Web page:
Daryl Brown Daryl Brown
SURVIVOR:

5.5 yrs uterine Leiomyosarcoma
15 yrs endometrial cancer
16 yrs melanoma
25 yrs breast cancer

 


It Takes A Village by Susan Titus 3/9/17  Susan Titus

They say it takes a village to raise a child. I believe it also takes a village when you are faced with a cancer diagnosis. Allow yourself to let others help you. They want to help you. Let them know how. It’s okay to ask for help. It’s okay to accept help. You would do the same if the situation were reversed. It’s so important to rely on each other. Rely on your family. Rely on your friends. Let them become a part of your story. Let them be your village. Together we are stronger.


Meg FranceOptimistically Cautious by Meg Thorburn  3/12/17

During our cancer journey, we are often advised to be “cautiously optimistic”.  But why be cautious about our optimism?  It is hope that keeps us going, and we need to keep our hope at 100% – whether it is hope that we will survive the cancer, hope that we will live long enough to help our children reach adulthood, or simply hope that we can be at peace when we pass.

I much prefer the term “optimistically cautious”. Caution is imperative – but for our decision-making and actions, not our spirit.  The decisions we make during our cancer journey are monumentally important.  Even when we are exhausted, frightened and in pain, we must somehow pull ourselves together to make well-informed and non-emotional decisions.  Hope should not influence our decisions – but it is what gives us the strength to work to make the best decisions.  Caution (reason) is our guide; optimism (hope) is our light.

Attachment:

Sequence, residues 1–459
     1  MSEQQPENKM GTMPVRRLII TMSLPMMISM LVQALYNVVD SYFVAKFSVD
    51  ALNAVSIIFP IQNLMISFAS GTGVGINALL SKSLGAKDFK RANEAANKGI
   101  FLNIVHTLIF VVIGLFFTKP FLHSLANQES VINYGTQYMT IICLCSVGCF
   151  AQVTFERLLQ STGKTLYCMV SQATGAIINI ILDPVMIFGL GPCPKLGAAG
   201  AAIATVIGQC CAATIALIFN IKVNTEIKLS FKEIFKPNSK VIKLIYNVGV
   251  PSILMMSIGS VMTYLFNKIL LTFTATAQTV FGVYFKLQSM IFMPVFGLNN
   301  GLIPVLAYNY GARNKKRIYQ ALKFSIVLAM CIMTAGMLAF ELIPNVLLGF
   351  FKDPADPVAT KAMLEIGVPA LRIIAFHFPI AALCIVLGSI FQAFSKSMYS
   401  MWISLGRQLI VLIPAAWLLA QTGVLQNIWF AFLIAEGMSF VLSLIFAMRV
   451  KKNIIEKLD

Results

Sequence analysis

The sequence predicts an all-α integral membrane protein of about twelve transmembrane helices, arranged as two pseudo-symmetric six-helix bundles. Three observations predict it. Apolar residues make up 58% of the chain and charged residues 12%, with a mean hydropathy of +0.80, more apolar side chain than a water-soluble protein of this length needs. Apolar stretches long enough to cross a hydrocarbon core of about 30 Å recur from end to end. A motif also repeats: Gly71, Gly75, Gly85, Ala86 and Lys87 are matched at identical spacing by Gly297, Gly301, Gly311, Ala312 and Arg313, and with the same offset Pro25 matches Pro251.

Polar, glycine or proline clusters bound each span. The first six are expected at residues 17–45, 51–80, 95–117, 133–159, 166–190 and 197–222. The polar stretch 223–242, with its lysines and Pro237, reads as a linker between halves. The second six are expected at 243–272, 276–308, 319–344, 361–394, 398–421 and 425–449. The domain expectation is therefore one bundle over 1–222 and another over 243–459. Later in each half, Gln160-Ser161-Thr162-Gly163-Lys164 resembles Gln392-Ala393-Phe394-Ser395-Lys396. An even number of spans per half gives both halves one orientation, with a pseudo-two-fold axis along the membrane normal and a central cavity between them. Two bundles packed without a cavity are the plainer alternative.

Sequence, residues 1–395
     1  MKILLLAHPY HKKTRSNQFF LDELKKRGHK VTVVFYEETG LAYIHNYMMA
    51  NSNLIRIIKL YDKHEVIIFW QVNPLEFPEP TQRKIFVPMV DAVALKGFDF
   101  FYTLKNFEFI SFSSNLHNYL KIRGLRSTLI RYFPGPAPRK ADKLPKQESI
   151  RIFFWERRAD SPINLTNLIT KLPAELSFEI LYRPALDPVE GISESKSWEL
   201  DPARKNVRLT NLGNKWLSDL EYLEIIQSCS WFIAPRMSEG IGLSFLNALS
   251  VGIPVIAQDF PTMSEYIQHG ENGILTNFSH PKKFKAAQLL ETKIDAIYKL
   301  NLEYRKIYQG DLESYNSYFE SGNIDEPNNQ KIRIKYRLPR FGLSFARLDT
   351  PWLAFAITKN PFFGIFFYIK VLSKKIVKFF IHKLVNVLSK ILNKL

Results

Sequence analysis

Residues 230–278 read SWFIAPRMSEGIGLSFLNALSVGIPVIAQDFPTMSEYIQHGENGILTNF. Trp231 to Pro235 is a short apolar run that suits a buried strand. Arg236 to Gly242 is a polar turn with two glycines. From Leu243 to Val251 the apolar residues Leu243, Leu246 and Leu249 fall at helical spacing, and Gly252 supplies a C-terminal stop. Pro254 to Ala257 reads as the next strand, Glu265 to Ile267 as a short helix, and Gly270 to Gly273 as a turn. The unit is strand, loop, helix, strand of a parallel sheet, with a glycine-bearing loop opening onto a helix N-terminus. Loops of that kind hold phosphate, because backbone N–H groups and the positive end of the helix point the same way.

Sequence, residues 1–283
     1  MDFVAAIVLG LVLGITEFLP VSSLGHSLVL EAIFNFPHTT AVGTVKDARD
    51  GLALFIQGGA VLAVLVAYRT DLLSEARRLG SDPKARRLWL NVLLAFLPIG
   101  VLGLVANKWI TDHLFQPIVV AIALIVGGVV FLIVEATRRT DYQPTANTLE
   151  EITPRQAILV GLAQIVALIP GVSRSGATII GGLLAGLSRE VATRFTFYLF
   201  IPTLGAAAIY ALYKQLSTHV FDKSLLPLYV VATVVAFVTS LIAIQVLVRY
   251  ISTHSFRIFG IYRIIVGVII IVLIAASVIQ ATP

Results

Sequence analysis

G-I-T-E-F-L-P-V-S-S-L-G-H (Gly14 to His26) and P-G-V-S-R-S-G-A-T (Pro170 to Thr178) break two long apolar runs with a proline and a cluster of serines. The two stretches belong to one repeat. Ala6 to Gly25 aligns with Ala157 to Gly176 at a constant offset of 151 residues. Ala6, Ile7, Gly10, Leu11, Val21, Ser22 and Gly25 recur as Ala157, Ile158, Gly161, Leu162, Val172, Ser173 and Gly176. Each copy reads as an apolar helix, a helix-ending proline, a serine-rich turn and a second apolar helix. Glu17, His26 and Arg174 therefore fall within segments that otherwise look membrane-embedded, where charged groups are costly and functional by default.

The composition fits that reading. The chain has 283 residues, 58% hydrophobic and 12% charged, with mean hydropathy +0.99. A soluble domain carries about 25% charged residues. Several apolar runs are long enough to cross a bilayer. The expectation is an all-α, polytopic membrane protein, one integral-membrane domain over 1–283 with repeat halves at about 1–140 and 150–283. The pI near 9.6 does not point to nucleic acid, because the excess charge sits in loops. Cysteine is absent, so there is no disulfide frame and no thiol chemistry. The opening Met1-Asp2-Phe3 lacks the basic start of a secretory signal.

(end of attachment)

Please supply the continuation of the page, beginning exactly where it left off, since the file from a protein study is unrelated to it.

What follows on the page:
Beware the “Be Positive” Police  by Sharon Anderson 3/14/17   growing through it

Watch out for the “Be Positive” police. Nothing makes you more depressed than people telling you to “think positive.” First, you can’t just wish away your sadness and fear. It doesn’t work. Second, the positive police are typically people who can’t bare to empathize with your feelings so they tell you to just not have them. Huh? A true friend will hold space for you to feel what ever you feel, acknowledge it and listen. THEN maybe you can do some practical things to help yourself climb out of the hole. See my page on coping.  You do want get positive feelings back in your life again, but you have to learn how to best get there.